Artem Lobov had been so close so many times. Just one more win, one more knockout, and he would get that call from the UFC. It never came.
What did fall on his doorstep was a chance to win a contract through Season 22 of The Ultimate Fighter. All the stars were aligned. He was in shape, he was fired up, and his friend and longtime training partner Conor McGregor was going to coach the European team on the show. All Lobov had to do was beat Mehdi Baghdad and he was going to be on the show.
He fought his heart out but lost a majority decision. The dream was over. Perhaps forever.
“There were a thousand things going through my mind and I was thinking I guess I have to go back now, back to Ireland, get a job again, and forget my UFC dream and start working and that will be it,” Lobov recalled.
For most who lost in the TUF 22 elimination round, it was back home, back to the regional circuit, and more time trying to figure out the next step. Lobov went back with McGregor and his SBG Ireland teammates to the team’s temporary Las Vegas digs and wondered what was next. It was the longest weekend of his life.
“I had a tough fight, so I had a few bumps and bruises, and when you've lost a fight, the bumps and bruises hurt a lot more than if you win a fight,” he said. “So I was sitting a little bit depressed, very sad and planning my next move. And not really looking forward to what's ahead.
“Conor was saying that he was going to try and bring me back as a coach on the show, but at that point, I didn't really even want that. Coaching is not really something I'm interested in at the moment. I expected I would have to go back and get a job in the bank again and try to progress my finance career.”
Checks and balances would have to wait for the 29-year-old Nizhny Novgorod, Russia native though, as news eventually came down that one fighter from each side on TUF 22 who lost an elimination bout would be brought back to the show. For McGregor’s side, the choice was obvious. Lobov was going into the TUF house.
He had his chance again, and this time, he left nothing up to chance, as he blasted out his next three opponents by knockout to earn a spot in tonight’s final against Ryan Hall.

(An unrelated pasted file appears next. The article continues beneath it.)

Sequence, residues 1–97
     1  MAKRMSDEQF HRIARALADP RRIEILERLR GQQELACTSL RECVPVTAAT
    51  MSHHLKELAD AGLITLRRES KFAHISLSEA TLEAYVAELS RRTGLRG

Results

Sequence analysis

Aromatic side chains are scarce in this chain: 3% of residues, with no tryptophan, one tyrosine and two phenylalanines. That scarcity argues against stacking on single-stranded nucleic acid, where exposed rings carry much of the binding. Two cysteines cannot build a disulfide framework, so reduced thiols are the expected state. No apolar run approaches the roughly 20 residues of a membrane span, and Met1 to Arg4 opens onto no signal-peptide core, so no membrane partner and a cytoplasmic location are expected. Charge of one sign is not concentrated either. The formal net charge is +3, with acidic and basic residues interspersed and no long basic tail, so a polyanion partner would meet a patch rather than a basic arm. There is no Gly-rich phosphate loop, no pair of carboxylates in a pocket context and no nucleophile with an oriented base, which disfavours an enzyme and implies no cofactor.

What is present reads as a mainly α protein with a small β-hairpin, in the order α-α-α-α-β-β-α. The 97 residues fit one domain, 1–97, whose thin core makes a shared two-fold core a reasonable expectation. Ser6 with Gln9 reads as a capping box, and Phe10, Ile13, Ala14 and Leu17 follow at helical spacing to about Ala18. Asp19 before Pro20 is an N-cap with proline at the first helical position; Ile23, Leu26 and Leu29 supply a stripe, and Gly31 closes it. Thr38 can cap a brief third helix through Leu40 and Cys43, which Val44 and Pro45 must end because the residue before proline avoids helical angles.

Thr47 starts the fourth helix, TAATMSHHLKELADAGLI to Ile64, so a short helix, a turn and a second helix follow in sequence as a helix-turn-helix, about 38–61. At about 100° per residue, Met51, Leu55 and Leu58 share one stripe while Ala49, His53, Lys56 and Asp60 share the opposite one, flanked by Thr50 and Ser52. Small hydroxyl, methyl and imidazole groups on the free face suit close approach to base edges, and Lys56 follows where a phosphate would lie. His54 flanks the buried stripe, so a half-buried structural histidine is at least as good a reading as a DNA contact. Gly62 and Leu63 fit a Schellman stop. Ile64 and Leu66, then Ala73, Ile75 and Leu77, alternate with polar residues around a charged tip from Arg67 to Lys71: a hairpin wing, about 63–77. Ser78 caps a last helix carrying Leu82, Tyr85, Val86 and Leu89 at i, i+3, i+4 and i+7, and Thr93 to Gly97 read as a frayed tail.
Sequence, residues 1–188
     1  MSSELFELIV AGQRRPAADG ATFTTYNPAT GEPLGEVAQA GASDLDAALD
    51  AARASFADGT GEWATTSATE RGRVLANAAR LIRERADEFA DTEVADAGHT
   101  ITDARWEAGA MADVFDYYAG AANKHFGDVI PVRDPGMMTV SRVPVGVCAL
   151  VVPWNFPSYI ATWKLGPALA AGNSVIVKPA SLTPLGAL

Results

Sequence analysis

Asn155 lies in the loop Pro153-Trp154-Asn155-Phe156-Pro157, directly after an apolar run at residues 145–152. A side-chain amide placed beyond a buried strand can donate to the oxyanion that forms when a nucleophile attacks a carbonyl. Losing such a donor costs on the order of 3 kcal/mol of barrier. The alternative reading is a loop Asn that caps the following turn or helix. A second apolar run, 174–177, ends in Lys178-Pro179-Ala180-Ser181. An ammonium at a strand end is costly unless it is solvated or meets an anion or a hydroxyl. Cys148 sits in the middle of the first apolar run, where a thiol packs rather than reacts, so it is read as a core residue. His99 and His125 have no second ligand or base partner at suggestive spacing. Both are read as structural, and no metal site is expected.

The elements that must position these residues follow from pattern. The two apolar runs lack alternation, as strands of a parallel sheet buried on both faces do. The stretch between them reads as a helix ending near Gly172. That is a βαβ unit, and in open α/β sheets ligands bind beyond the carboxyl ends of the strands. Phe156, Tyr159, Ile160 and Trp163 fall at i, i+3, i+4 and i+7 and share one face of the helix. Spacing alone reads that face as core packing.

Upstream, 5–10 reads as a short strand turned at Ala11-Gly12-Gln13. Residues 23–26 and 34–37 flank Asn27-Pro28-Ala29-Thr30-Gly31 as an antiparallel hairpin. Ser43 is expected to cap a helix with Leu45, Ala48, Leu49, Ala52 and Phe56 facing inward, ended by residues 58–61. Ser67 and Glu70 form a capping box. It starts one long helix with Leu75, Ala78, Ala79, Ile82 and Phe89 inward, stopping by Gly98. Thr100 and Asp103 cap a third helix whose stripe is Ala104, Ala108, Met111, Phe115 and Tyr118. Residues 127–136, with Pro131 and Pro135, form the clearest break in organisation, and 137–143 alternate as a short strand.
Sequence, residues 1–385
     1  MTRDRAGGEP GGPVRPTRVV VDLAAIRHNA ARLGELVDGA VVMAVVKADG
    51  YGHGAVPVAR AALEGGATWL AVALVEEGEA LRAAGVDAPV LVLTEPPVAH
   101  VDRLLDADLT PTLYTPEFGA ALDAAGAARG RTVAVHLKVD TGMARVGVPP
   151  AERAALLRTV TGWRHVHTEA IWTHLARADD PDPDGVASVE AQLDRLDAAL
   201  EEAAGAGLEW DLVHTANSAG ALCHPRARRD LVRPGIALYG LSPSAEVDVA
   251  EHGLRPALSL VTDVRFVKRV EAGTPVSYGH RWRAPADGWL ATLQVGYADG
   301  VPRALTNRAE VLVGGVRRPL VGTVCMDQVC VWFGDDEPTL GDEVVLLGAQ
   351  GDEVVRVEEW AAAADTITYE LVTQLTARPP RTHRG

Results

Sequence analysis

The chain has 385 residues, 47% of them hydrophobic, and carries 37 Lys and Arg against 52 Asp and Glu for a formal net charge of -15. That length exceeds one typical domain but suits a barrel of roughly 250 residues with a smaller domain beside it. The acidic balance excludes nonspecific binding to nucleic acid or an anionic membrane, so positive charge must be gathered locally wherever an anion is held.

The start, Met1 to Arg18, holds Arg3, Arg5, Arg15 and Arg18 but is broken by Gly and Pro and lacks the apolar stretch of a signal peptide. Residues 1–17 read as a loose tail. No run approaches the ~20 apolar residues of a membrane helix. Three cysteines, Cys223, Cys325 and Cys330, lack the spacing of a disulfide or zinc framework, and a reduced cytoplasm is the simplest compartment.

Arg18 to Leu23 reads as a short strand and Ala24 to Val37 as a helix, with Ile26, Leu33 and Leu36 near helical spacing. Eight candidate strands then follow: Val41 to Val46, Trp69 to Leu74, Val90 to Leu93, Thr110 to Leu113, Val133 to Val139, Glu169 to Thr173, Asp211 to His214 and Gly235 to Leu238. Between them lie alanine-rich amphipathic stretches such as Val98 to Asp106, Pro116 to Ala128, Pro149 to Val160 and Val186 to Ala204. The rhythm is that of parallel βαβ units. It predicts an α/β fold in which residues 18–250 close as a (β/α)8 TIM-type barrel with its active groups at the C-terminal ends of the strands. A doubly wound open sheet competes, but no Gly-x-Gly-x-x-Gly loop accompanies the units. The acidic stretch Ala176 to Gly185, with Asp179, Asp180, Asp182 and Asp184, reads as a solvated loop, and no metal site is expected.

There would be more twists and turns though, as Lobov was originally scheduled to face his TUF teammate Saul Rogers in Las Vegas. Visa issues scrapped that matchup, leaving Lobov in an odd situation, He wanted to fight Rogers to avenge a split decision loss from 2011, but instead gets Hall, who he actually trained with in his adopted hometown of Dublin, Ireland after taping concluded. But after all that has happened, Lobov is willing to fight anyone.
“I'm going to be honest - I was really looking forward to the rematch (with Rogers),” he said. “I was chasing that guy for many, many years. After we had our fight, it was a split decision loss for me, so I really wanted to avenge that loss. And then once he joined Straight Blast in Manchester, which is an affiliate gym to us, I had to kind of give up on that dream, and there was no way I could ever get that rematch. And actually, the way things worked out on The Ultimate Fighter, it was the only possible way in my life that I could ever rematch Saul Rogers, so I was like 'This must be destiny.' So I was really looking forward to that rematch.
“Having said that, I don't really mind who I fight. My philosophy has always been 'Anyone, anytime, anyplace,' and I stick to that. So when (UFC matchmaker) Joe Silva sent me an email saying that my opponent had changed, I just told him, 'Look, I'm going to be there Dec. 11, no matter what, and if you want me to fight a tiger that night, well, then I'll fight a tiger.
“Whoever's in that cage, I'm going to go at them, and I'm going to go for them. So it makes no difference to me.”